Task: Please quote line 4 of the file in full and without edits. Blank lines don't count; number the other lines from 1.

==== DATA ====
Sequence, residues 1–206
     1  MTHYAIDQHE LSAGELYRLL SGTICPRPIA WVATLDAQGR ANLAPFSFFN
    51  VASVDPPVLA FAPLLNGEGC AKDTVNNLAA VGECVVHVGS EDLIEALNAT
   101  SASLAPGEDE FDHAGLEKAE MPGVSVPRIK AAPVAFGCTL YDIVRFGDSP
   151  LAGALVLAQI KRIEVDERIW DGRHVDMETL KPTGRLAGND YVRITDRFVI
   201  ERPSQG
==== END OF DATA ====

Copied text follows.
   101  SASLAPGEDE FDHAGLEKAE MPGVSVPRIK AAPVAFGCTL YDIVRFGDSP